A Confused Concept of God
THERE is much confusion today about God. Most persons will say that they believe in his existence, but generally their concept of him is vague. The teaching of the churches is largely responsible.
Theologian G. H. Boobyer frankly admitted this, saying: “Do we not find the orthodox doctrine of the person of Christ a source of much perplexity to enquiring non-christians and to many a christian believer under instruction? ‘True God from true God, begotten not made, of one substance with the Father’ and ‘the selfsame perfect in Godhead, the selfsame perfect in manhood, truly God and truly man’—thus runs the familiar language . . . Must it not be conceded that to many intelligent lay folk it seems sheer mystification?”—Bulletin of the John Rylands Library, Spring 1968, page 248.
Lutheran seminary professor N. Leroy Norquist, writing in The Lutheran, made a similar observation: “If a man who had never before heard what Christians believe found himself suddenly among a Lutheran congregation at the Sunday morning service he’d be thoroughly confused.”
How do you feel? Are you, too, confused by the churches’ teaching about God? What is your concept of God? Is it the same as what your religious organization teaches?
THE CHURCHES’ CONCEPT OF GOD
The fact is, a large number of persons today do not really know what their church teaches about God. It has been observed that in many churches little is said about Him. Thus the Ladies’ Home Journal of March this year carried the feature on its cover: “1,000 WOMEN REPORT: ‘YOU CAN’T FIND GOD IN CHURCH ANYMORE.’” One member of the Congregational Church in Claremont, California, even said: “GOD IS DEAD posters are displayed in our Senior Married Group’s meeting lounge.”
Obviously the churches have not been doing a very good job of instructing their people about God. A major reason for this is their admittedly confusing concept of Him. What is this concept?
It is that God is ‘three persons in one.’ All major churches of Christendom teach this. The Roman Catholic Church does. And the basis for membership in the 237-member World Council of Churches declares: “The World Council of Churches is a fellowship of churches which confess the Lord Jesus Christ as God and Savior according to the Scriptures and therefore seek to fulfill together their common calling to the glory of the one God, Father, Son and Holy Spirit.”
Thus the religious organizations to which the vast majority of persons in Christendom belong hold that the “Father, Son and Holy Spirit,” although being three, are but “one God.” Is this your concept of God? Do you really understand it?
EXPLAINING YOUR BELIEF TO OTHERS
If someone asked you to explain this concept of God to him, could you do so? According to Professor Norquist, this is what a visitor to church might say to a church member:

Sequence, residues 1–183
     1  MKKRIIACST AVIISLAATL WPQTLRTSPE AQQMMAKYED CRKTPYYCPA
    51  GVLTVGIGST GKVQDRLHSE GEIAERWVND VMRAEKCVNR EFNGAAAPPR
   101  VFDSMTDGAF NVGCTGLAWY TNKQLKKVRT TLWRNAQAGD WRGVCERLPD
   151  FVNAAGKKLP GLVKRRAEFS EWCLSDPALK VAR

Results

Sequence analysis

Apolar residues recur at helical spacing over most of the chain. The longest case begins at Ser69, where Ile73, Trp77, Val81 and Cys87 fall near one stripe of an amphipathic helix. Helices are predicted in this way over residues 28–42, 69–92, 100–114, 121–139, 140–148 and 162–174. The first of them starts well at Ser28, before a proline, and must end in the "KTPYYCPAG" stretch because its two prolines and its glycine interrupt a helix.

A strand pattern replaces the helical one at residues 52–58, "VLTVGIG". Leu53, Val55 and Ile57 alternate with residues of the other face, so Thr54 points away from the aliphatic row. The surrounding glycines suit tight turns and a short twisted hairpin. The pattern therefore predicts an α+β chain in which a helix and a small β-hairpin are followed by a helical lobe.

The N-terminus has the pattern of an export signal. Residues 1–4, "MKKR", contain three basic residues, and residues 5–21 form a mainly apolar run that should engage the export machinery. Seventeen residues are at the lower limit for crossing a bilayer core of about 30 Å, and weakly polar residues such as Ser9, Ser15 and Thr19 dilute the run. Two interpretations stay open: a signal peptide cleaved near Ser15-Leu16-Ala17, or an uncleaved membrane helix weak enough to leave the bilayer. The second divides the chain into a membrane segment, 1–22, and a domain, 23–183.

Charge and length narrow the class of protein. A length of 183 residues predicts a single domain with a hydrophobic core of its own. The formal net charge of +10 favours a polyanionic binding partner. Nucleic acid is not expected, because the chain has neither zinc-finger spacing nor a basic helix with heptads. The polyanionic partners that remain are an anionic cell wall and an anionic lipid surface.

“You proclaim that the Father is God, the Son is God and the Holy Spirit is God and yet you’re trying to tell me that you don’t believe in three Gods but one. Do you mean that your God is two-, or perhaps three-faced, that he’s the same God but acts differently with different kinds of people, shows different faces according to different situations?”
If you are a church member, how would you reply? Could you give a satisfactory answer?
People desire explanations. In order to have a basis for faith an individual requires answers that satisfy his mind. Christians are urged in God’s Word always to be “ready to make a defense before everyone that demands of you a reason for the hope in you.” (1 Pet. 3:15) But is there an explanation for how God can be three persons and yet one? Can you explain it?
Note what theologian Norquist finally concludes: “Well, we’d have to concede, we can’t explain it. The doctrine of the Trinity cannot be ‘puzzled out.’ . . . The men who framed it designed it as a tool to be used against heretics.
“In fighting heresy, they experimented with words, sharpened phrases, until they had defined the relation of the three ‘persons’ of the Trinity in such a way that they could finally say, ‘Unless you believe this you’re not a true believer.’”—The Lutheran, June 15, 1960, pages 11 and 12.
Does it not seem that there is something wrong with a concept of God that cannot be explained? Is it any wonder that religion is in such a decline when its teaching about God is so confusing?
FORMULATION OF CREEDS
What does it mean that “men who framed it . . . experimented with words, sharpened phrases, until they had defined the relation of the three ‘persons’ of the Trinity”? What men framed this concept of God?
Actually it was churchmen who lived after the death of Jesus. These men formularized statements of belief or confessions that began with the words “I believe.” This expression “I believe” in Latin is “credo,” and from it comes the English word “creed.” It was in these “creeds,” or statements of belief, that the concept of the Trinity developed.
Are you familiar with these creeds? What do they contain? Is what is expounded in them a firm basis for faith?